Canada's once dominant Liberal Party named an interim leader Wednesday after a crushing defeat in elections earlier this month.
Bob Rae, a high-profile, former New Democrat premier of Ontario, was chosen over Montreal Parliament member Marc Garneau, a soft-spoken, one-time astronaut.
The Liberals, who ruled Canada for much of the last century, suffered a crushing defeat in the May 2 election in which they came in third behind the traditionally weaker New Democratic Party. Rae left the NDP for the federal Liberals in 2005.
Conservative Prime Minister Stephen Harper won a coveted majority, allowing him to pass legislation without the opposition's approval. The Liberals, meanwhile, dropped to 34 seats from 77 seats in the 308-seat Parliament, its worst defeat ever. Party leader Michael Ignatieff resigned.
Rae was once a roommate of Ignatieff's when they were students at the University of Toronto and he lost a leadership bid to Ignatieff in 2008. Rae had to give up his long-term leadership ambitions in order to take the interim post.
Rae, 62, is more personable than his old college roommate. He was a Rhodes scholar and also comes from a family of diplomats and politicians. He served as the unpopular premier of the country's most populous province from 1990 to 1995 during a recession.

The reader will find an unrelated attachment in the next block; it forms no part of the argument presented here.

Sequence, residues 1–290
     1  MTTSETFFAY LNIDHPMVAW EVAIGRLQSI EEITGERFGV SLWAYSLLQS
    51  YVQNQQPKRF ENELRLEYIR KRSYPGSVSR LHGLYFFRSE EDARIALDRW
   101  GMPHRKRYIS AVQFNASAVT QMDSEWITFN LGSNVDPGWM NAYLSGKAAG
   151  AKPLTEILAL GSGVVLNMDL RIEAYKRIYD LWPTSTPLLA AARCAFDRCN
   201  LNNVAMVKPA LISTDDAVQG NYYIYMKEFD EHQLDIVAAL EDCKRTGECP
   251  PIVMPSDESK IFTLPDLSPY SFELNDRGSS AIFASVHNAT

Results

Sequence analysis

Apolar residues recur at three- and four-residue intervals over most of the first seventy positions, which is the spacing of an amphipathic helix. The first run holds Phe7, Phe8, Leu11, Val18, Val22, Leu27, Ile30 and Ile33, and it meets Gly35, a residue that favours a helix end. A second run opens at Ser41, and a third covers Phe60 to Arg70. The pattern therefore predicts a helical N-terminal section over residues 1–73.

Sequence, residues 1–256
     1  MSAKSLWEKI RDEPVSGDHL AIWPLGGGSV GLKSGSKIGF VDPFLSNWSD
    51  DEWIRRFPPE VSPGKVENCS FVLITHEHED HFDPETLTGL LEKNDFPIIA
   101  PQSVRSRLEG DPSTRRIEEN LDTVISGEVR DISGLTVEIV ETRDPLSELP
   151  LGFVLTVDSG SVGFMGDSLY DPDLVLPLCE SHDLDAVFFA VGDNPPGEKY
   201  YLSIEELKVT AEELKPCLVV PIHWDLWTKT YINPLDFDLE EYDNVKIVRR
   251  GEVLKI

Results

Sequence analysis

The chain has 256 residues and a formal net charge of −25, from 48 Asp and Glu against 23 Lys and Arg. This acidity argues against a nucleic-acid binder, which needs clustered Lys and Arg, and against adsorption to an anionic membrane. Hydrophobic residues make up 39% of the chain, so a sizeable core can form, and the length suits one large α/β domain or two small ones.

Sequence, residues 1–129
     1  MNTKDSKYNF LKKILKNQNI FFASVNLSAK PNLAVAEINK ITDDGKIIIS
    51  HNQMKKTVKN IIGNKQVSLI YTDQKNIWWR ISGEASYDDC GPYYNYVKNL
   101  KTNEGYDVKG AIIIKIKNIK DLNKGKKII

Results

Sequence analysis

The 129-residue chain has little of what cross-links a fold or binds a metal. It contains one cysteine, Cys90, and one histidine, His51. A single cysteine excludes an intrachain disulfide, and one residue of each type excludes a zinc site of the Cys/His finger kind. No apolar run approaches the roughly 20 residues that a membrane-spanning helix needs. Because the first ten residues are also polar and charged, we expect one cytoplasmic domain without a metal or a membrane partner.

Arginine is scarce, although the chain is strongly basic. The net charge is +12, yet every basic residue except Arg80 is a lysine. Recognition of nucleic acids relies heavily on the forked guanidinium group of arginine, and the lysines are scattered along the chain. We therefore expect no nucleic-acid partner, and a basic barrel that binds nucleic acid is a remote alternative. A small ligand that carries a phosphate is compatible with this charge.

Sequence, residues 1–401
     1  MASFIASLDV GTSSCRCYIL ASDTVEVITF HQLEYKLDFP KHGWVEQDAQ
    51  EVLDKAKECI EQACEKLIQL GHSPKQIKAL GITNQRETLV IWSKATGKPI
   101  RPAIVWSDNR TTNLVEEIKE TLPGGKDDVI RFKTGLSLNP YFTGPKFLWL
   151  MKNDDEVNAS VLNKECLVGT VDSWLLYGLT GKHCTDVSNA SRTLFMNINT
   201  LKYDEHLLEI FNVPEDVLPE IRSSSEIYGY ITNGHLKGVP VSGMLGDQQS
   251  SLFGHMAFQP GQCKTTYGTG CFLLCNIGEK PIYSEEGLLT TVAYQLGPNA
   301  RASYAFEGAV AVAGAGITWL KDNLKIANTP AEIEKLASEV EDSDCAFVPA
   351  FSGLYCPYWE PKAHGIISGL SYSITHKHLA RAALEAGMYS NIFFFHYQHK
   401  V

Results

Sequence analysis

The party isn't expected to chose a long-term replacement for at least another 18 months.
"The people of Canada gave the Liberal Party a very clear and tough message in the last election," Rae said. "We know that we have a lot of rebuilding to do."
Rae said the party still has a great history in front of it because "the values of the party are deeply ingrained in the fabric of our national life as a country" and said Canadians value a socially just and prosperous country.
He said Harper won't succeed in destroying the party. Former colleagues of Harper say his long-term goals are to shatter the image of the Liberals _ the party of former Prime Ministers Jean Chretien, Lester Pearson and Pierre Trudeau _ as the natural party of government in Canada, and to redefine what it means to be Canadian.
Harper's Conservative government made an announcement Wednesday that could cripple the Liberals. Finance Minister Jim Flaherty said a plan to scrap political subsidies for political parties _ something the Liberals rely on far more than the Conservatives _ will be included in the June 6 budget.